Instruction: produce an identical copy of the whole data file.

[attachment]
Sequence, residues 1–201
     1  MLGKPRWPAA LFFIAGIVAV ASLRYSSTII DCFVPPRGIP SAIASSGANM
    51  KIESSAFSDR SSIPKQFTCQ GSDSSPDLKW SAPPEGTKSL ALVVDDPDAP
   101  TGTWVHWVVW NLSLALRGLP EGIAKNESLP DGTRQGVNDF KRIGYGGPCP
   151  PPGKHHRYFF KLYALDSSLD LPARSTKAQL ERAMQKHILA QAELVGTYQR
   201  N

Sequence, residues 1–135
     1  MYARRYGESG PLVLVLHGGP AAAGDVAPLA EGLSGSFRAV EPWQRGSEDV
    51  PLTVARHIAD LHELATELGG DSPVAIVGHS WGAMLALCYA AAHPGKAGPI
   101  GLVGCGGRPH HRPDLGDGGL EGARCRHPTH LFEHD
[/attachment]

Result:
Sequence, residues 1–201
     1  MLGKPRWPAA LFFIAGIVAV ASLRYSSTII DCFVPPRGIP SAIASSGANM
    51  KIESSAFSDR SSIPKQFTCQ GSDSSPDLKW SAPPEGTKSL ALVVDDPDAP
   101  TGTWVHWVVW NLSLALRGLP EGIAKNESLP DGTRQGVNDF KRIGYGGPCP
   151  PPGKHHRYFF KLYALDSSLD LPARSTKAQL ERAMQKHILA QAELVGTYQR
   201  N

Sequence, residues 1–135
     1  MYARRYGESG PLVLVLHGGP AAAGDVAPLA EGLSGSFRAV EPWQRGSEDV
    51  PLTVARHIAD LHELATELGG DSPVAIVGHS WGAMLALCYA AAHPGKAGPI
   101  GLVGCGGRPH HRPDLGDGGL EGARCRHPTH LFEHD